Political crises and social upheavals galvanise artists to give vision and voice to people’s concerns. In Melanesia, as elsewhere, art is an active agency that draws attention to issues of human rights and assists people to make sense of complex experiences.

This seminar will focus on recent artworks that relay potent political and social visions from the Solomon Islands, New Caledonia, Fiji, Bougainville and elsewhere in Melanesia. Political turmoil is a dynamic force driving the emergence of contemporary art movements in Pacific countries.

For example, in Fiji in 2000, the coup d’état led by George Speight galvanised a loose group of indigenous Fijian artists at the Centre for Oceanic Arts and Culture into forming the Red Wave Collective. It shocked the artists into a higher state of consciousness and perception, so that the body of intense works from that period acts as a potent manifesto of their beliefs about human rights and racism in politics. Susan will share her insights on the symbiotic dynamics of politics and art in this engaging presentation.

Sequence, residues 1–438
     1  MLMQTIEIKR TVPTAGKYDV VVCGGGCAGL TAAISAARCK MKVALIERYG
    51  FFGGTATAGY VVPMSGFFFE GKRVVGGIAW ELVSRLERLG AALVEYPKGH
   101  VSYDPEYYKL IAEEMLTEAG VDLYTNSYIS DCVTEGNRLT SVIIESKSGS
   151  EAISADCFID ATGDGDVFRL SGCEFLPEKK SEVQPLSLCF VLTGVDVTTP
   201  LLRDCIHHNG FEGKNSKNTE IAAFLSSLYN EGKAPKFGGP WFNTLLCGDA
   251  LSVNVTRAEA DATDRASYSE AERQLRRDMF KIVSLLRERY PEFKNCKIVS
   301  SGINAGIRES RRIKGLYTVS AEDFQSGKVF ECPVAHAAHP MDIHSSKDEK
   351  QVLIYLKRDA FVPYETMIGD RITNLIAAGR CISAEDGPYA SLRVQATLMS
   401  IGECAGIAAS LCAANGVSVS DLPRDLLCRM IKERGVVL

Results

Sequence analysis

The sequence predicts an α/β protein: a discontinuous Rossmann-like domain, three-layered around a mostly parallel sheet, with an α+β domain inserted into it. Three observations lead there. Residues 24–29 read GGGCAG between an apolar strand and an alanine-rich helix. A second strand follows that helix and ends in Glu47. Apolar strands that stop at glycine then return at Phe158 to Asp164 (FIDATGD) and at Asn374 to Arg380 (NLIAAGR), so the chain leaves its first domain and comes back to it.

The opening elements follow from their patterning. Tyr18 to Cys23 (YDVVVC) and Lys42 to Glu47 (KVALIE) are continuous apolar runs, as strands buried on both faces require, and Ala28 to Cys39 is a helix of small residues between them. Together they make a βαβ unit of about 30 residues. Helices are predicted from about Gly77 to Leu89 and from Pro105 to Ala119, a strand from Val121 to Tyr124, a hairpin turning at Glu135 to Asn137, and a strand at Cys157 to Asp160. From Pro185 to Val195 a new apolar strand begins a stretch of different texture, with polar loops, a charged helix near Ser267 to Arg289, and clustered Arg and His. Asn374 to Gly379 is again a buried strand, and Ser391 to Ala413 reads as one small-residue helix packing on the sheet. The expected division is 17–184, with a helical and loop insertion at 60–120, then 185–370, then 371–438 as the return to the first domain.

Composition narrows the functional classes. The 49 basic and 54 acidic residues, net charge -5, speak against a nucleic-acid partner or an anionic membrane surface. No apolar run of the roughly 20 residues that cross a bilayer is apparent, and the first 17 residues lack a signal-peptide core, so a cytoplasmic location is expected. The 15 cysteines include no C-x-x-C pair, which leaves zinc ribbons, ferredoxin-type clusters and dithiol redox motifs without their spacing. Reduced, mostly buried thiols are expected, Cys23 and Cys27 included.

Susan Cochrane is a cultural historian who has published extensively on contemporary art in Melanesia and worked collaboratively with artists and cultural institutions on exhibitions and art events.

Her publications include monographs Contemporary Art from Papua New Guinea (1997), Bérétara: Contemporary Pacific Art in English and French editions (2001), Art and Life in Melanesia (2007), edited volumes Aboriginal Art Collections: Highlights from Australian Museums and Art Galleries (2001) and with Max Quanchi Hunting the Collectors: Pacific Collections in Australian Museums, Art Galleries and Archives.

Her work has been recognised by the awards of the University of Queensland Postdoctoral Fellowship for Women in 2005, a National Museum of Australia Fellowship in 2007 and a Harold White Fellowship from the National Library of Australia for 2008.

The seminars are free, and all academics, staff, students, and interested persons are welcome.